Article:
Inside look at the Oakland Raiders - Part 2

Pass protection issues have the Raiders continuing to utilize additional tight ends more often than additional receivers, which hasn't helped the protection much -- given the 44 sacks surrendered. Check out our continuing coverage of this week's opponent the Oakland Raiders.

BY THE NUMBERS: 1 -- The amount of sacks the Raiders must surrender to equal last season's total of 45 -- when the offense was criticized for its inability to protect the passer.

QUOTE TO NOTE: "Jackie and I were talking last night about how tough it is, because we take a lot of pride in these guys. They want to do well, but we're just not getting it done." -- Raiders coach Art Shell on how he and fellow Hall of Fame offensive lineman Jackie Slater are coping with a line that has surrendered 44 sacks halfway through the season.

Pass protection issues have the Raiders continuing to utilize additional tight ends more often than additional receivers, which hasn't helped the protection much -- given the 44 sacks surrendered -- and has hurt in the passing game.

The Raiders promised in training camp more receiving production out of the position, but starter Courtney Anderson (11 catches) and reserves Randal Williams, John Madsen and James Adkisson have combined for only 19 receptions through eight games.

Ronald Curry, the No. 3 receiver, meanwhile, has 16 catches in fairly limited playing time as a slot receiver.

--WR Jerry Porter missed practice for personal reasons and is expected back Thursday.
--LG Barry Sims did not practice be cause of an abdominal strain and is not expected to face Denver.
--QB Aaron Brooks (pectoral strain) was elevated from doubtful to questionable this week but is not expected to face Denver.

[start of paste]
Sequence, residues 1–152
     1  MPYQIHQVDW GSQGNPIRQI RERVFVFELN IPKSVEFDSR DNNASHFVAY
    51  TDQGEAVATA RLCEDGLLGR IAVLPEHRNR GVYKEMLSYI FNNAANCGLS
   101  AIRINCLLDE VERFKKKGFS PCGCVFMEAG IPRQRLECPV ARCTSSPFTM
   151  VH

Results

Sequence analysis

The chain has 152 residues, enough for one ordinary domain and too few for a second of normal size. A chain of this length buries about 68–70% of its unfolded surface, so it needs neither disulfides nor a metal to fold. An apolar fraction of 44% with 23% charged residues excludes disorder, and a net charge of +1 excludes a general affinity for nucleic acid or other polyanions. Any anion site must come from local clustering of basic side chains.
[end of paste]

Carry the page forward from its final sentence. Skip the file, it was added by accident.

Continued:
--RB LaMont Jordan, who had 70 receptions in 14 games last season, reached the midway point of the season with 8 catches for 49 yards in seven games.
--WR Randy Moss, with 32 receptions, has been the target of 71 of the Raiders 212 passes (33.5 percent) and has twice as many receptions as their second leading receiver, Ronald Curry (16 receptions).

GAME PLAN: Oakland comes off a game in which they abandoned the run simply because Seattle showed some run-blitz tendencies early. The Raiders know their strengths, such as they are. Sometimes they run the ball well. They almost never pass the ball well, at least not against quality teams. So look for the Raiders to take their 2- to 3-yards per carry and hope it eventually becomes 4 and 5. And hope the defense can keep things close enough to make a game of it in the fourth quarter. If turnovers fall the right way, who knows?

MATCHUPS TO WATCH: Broncos CBs Champ Bailey and Darrent Williams vs. Raiders WR Randy Moss: In Oakland's loss to the Broncos in Denver, Walter forced a pass to Moss near the goal line and Bailey intercepted. The Raiders no doubt took notice when the Indianapolis Colts repeatedly picked on Williams and avoided Bailey. Walter is no Peyton Manning, but the message or the Raiders should be clear enough -- align offensive sets as much as possible to get Moss on Williams. It's for naught if Denver decides to again have Bailey shadow Moss, but the fact is Moss isn't hurting anybody these days, and Williams may get his chance. Regardless, and even with the drops, Moss remains Oakland's best shot to get anything done in the passing game.

--Raiders LE Derrick Burgess vs. Broncos RT George Foster: Burgess had only two sacks entering the first Denver game and added his second against Foster on Oct. 15. That began a streak that has found Burgess getting six sacks in his last four games, including one against Seattle Monday night. He plays primarily with speed, but prides himself on run defense as well. Foster breaks the mold of smallish 290-pound plus Denver linemen who work utilize speed and quickness to execute the cut blocking schemes that defenders consider the scourge of the NFL. At 338 pounds, Foster can play those schemes, but utilize his size and power as well.

INJURY IMPACT: With Barry Sims likely out for the second straight game with an abdominal strain, Corey Hulsey gets his second straight start at left guard. Hulsey struggled in pass protection along with the rest of the Oakland line and the Raiders would be well-advised to be more persistent with the run as long as the score is close.

Hulsey, as well as the rest of the starting line, would be much more effective if runs and passes were equal -- and be even better if they could keep it close enough to run it 40 times, minimizing their inadequacies against a Denver blitz.

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